• $\begingroup$ @Kimball Sorry for so many rush in my explanations, I will edit the original post in order to be more explicite. Here are the details : $F$ is a local field, let's say $\mathbf{Q}_p$. Any conductor $\chi$ of $D^\times$ can be written $\chi = \chi_F \circ n$ where $\chi_F$ is a character of $F^\times$ and $n$ the reduced norm on $D$. If $I_D$ is the unique maximal ideal of $\mathcal{O}_D$, the integer (valuation) ring of $D$, then the uniformizer $P_D$ is defined as a generator (minimal valuation element) of $I_D$. Let's forget the conductors, and say I am only talking about levels ;) $\endgroup$ Mar 29, 2015 at 16:19
  • $\begingroup$ @Kimball Maybe should I delete my post and split it more independent and precise questions, in order to be more accessible and swiftly readable ? $\endgroup$ Mar 29, 2015 at 16:25
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    $\begingroup$ I think your definition of $P_D$, $P_F$ and $d$ still has issues. I suppose it may be that no nontrivial power of $P_D$ lies in $F$, so $P_F = P_D^d$ is impossible. And do you know that $d$ does not depend on the choice of $P_D$? If so, please say why. Then I think I can probably answer at least 2 of the questions. $\endgroup$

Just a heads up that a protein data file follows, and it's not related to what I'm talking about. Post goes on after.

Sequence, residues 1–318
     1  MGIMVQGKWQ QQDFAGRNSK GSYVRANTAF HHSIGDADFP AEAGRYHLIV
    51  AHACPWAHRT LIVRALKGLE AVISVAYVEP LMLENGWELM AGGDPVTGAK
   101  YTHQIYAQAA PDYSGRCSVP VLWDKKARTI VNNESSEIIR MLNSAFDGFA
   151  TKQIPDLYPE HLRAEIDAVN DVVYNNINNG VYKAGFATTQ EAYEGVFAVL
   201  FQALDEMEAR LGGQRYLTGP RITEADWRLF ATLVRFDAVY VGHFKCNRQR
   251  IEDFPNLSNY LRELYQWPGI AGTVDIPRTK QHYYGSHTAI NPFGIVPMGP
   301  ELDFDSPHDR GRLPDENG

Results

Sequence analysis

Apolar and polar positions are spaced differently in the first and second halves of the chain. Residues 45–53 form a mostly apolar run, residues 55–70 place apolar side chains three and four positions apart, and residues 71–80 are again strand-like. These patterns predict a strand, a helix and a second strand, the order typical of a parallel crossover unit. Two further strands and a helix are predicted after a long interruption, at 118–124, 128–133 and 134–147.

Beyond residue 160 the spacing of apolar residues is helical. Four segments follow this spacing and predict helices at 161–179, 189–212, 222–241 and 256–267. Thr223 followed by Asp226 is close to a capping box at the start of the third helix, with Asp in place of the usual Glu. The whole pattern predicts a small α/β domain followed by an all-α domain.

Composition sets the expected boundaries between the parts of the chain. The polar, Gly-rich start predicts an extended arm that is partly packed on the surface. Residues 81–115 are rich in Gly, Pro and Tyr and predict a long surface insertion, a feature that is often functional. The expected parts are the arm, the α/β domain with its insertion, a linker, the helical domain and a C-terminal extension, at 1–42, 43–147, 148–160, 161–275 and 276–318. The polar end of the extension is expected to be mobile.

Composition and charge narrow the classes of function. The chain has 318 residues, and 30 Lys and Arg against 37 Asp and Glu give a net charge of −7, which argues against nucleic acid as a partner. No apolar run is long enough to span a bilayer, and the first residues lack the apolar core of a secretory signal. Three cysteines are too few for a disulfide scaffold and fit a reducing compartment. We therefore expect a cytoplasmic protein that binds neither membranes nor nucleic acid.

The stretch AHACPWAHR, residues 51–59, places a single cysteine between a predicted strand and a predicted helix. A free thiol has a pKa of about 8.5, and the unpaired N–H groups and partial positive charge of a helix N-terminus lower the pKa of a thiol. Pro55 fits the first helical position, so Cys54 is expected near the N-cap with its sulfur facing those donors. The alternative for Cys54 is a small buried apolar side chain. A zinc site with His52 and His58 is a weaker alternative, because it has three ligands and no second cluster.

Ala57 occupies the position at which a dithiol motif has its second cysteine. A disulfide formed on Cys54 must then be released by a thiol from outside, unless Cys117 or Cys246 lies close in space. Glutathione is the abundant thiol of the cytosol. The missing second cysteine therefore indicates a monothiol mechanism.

– Kimball
    Mar 29, 2015 at 17:17
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    $\begingroup$ One thing that was confusing me was that you define $P_F$ and $P_D$ as uniformizers (elements), then seem to use them to mean ideals later in your question. If you mean ideals, I think $d$ is well-defined (if you write $P_F \mathcal O_D = P_D^d$), and you should be able to determine it using ideal norms. $\endgroup$
    – Kimball
    Mar 31, 2015 at 1:50

1 Answer 1


I think I can give you at least a sketch of answer now, but I have not thought carefully about details, so you should check though things carefully.

Let $K$ be a cyclic extension of $F$ of degree $n$, and $\sigma$ a generator of the Galois group Gal($K/F$). Then we can write $D$ as a cyclic algebra $(K/F, \sigma, a)$ where $a \in F^\times$ has order $n$ modulo $N_{K/F}(K^\times)$. This is a subalgebra of $M_n(K)$ generated by elements of the form $$ \iota(\alpha) = diag(\alpha, \alpha^\sigma, \ldots, \alpha^{\sigma^{n-1}}), \quad \alpha \in K$$ and some element $y$ such that $$ y^n = a, \quad \iota(\alpha)y = y\iota(\alpha)^\sigma \quad (\alpha \in K).$$